This past week we've met with a few different 60-ish-year-old men. One of them is trying to get us into the Chinese medicine business (he says that it'll help us raise money for our missionary work), and another is a retired English professor who's trying to get us to study Jewish history and academic theology (he thinks that'll make us more qualified for our missionary work). They're really quite passionate about their respective fields, and they have good intentions, but they talk so much and listen so little that we haven't been able to explain to them that our missionary program doesn't work that way!
It's got me thinking about how the missionary program of the Church of Jesus Christ of Latter-Day Saints does work, though. Young men get sent out on full-time missions for only two years, and they have to be younger than 25 years old or they're not allowed to go. This by itself means that from an academic perspective, the elders will never be as educated as our professor friend. We're not required to have the same kind of training that some other churches require of their ministers, either. The Book of Mormon says "they shall teach with their learning, and deny the Holy Ghost, which giveth utterance" (2 Nephi 28:4). We have to rely on the Holy Ghost to make it work, and it does work! And then, once the two years are up, we go home, go back to school, and usually pursue majors and careers that aren't religious! We become engineers, doctors, lawyers, programmers, entrepreneurs, and so on.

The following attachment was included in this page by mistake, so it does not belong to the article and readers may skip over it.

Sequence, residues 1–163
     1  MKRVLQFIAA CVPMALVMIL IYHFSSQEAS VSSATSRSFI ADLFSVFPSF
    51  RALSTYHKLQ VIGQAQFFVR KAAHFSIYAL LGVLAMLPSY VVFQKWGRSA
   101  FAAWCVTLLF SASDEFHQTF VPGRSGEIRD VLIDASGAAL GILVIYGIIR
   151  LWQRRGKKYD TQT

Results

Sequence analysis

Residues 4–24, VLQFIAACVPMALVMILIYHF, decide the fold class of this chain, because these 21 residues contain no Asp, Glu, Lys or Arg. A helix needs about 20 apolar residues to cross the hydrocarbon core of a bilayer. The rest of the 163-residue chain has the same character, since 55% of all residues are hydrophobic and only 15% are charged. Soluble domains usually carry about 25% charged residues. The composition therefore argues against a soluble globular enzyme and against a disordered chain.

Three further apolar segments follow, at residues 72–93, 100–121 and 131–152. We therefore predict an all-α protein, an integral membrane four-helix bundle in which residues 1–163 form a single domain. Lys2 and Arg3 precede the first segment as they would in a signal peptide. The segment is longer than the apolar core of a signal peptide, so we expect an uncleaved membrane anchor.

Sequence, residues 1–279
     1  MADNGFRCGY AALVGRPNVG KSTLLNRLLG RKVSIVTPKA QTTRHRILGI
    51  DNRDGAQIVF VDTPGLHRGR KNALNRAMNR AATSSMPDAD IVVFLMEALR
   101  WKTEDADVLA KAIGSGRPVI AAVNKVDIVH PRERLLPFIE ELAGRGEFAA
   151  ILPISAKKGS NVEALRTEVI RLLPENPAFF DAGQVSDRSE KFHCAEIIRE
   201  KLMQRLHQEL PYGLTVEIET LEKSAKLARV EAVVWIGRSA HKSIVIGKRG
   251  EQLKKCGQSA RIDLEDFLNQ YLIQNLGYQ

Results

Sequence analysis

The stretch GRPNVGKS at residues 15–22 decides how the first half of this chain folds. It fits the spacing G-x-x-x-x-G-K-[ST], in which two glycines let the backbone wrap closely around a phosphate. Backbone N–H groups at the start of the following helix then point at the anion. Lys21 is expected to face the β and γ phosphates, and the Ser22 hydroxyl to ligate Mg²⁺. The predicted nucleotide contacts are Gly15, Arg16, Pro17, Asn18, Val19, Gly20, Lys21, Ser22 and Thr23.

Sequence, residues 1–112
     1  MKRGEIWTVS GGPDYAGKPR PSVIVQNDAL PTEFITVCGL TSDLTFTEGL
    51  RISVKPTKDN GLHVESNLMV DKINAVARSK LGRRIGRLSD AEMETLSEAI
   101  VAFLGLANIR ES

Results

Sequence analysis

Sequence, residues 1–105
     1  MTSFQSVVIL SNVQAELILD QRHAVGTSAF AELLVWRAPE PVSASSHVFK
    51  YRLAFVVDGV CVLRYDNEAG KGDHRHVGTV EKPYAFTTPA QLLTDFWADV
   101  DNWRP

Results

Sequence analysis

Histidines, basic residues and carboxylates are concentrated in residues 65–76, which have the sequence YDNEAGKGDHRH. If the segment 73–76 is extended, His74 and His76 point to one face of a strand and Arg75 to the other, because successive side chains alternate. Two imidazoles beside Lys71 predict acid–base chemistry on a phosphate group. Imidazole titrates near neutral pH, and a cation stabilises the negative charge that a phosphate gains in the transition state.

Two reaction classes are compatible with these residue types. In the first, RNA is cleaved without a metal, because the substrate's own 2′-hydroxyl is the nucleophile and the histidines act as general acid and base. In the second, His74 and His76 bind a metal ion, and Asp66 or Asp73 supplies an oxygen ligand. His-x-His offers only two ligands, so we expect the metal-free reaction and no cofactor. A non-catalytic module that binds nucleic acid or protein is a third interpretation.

From a worldly perspective, it's a really weird way to run a missionary program, eh?